Charlie Hunt, a senior analyst with the Kansas Health Institute, said immunization is not only necessary for protecting children but also cancer patients and others with compromised immune systems who cannot safely receive vaccinations.
“Generally speaking, vaccines are very safe and effective. They have to go through a rigorous process of testing for safety and efficacy,” Hunt said. “Vaccinations help the community as a whole. A high percentage of the population needs to be vaccinated to suppress the disease from spreading.”
Research shows the benefits of vaccination far outweigh the risks, White said, especially when it comes to life-threatening diseases like meningitis.
Up-to-date on shots
Soon-to-be seventh grader Brian Andrads walked out of the packed Johnson County health clinic in Mission, clasping his right arm.
“I just got shot,” the Westridge Middle School student said, pointing to his arm. “It stings, but then it’s not so bad.”
Kansas’ new meningococcal vaccine requirement aims to improve the state’s immunization rates, Hunt said. In 2017, 72% of Kansas teenagers had been vaccinated against meningitis. That’s lower than the national average of around 85%.
“So we’re in the bottom 10 states in the country for that age group,” Hunt said. “The regulation is aimed to help protect that age group where the rates are some of the highest and where the highest risk is.”
Kansas ranks sixth from the bottom, above Wyoming at 60%, Mississippi at 63%, Alaska at 68%, and Oklahoma and Montana, both at 71%.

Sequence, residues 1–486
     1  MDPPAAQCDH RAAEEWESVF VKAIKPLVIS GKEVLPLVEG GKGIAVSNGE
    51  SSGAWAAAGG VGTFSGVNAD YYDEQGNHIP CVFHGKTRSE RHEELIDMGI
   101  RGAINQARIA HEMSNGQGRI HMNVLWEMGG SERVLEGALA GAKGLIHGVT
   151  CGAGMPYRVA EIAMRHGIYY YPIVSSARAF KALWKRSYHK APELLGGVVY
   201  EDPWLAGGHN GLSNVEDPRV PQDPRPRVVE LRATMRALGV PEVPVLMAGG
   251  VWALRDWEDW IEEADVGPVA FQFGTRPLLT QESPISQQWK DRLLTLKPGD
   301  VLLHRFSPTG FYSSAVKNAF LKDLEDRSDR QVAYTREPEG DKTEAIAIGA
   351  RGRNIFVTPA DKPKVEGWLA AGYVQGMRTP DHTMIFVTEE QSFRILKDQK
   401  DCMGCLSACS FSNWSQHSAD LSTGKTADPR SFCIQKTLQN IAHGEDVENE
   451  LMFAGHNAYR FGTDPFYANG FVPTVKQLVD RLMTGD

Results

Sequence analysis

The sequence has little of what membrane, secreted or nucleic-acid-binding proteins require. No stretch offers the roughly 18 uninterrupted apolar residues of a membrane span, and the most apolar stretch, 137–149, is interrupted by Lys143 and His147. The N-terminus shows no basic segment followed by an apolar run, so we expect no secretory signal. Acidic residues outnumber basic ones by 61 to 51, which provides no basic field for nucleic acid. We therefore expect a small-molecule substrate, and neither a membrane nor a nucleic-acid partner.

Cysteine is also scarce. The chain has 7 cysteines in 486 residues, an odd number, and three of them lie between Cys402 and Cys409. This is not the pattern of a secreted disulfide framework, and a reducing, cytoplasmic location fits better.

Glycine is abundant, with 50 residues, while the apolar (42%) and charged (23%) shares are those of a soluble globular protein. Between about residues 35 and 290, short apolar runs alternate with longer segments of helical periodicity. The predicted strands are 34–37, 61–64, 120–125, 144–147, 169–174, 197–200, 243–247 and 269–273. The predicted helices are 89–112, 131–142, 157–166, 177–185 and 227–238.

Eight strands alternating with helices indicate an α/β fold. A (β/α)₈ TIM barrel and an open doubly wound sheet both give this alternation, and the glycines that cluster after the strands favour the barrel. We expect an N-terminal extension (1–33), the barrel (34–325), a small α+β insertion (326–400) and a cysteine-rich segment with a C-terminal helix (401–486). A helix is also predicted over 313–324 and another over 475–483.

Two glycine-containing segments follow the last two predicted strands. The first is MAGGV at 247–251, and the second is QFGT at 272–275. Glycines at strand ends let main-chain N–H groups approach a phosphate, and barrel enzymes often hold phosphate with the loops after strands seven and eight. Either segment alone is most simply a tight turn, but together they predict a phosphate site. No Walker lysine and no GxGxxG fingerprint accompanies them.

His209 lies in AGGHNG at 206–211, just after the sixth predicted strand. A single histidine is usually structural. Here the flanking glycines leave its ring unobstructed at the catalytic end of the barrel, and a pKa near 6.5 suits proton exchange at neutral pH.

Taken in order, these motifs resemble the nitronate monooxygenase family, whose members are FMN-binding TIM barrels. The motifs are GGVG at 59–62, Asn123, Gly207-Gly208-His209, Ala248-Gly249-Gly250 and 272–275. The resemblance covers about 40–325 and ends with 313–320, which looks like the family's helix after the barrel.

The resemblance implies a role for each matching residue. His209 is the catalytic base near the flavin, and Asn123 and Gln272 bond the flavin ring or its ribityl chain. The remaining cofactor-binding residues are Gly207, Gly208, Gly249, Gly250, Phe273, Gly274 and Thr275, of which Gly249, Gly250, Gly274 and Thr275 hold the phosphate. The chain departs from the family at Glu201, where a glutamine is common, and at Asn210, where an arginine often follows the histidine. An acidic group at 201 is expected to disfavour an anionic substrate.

Missouri, which already required a meningitis vaccine, ranks slightly higher than Kansas, with 74% of teenagers vaccinated in 2017.
Kansas ranks higher for hepatitis A vaccination rates, due to a previously approved requirement in day cares. Last year, 90% of children were vaccinated against the disease.
All children who attend public or private schools in Kansas are required to comply with the new regulations, which now include seven vaccines.
“I think it’s positive. There’s a lot of misinformation out there, but every child has a right to be protected,” White said. “We believe this is best for society as a whole, and the science shows that.”
In Kansas: Under a new state regulation, students beginning seventh grade are required to receive the meningitis vaccine. Students entering 11th grade need a dose if not vaccinated prior to their 16th birthday. Students entering kindergarten or first grade need two doses of the hepatitis A vaccine. Those come in addition to these five required vaccines: five doses of diphtheria, tetanus and pertussis vaccine; three doses of hepatitis B; two doses of measles, mumps and rubella; four doses of polio; the Varicella, or chicken pox.
In Missouri: One dose of the meningitis vaccine is required in eighth grade, and then a booster shot is required in 12th grade. Other required vaccines: four doses of diphtheria, tetanus and pertussis; three doses of polio; two doses of measles, mumps and rubella; three doses of hepatitis B; and two doses of Varicella, or chicken pox.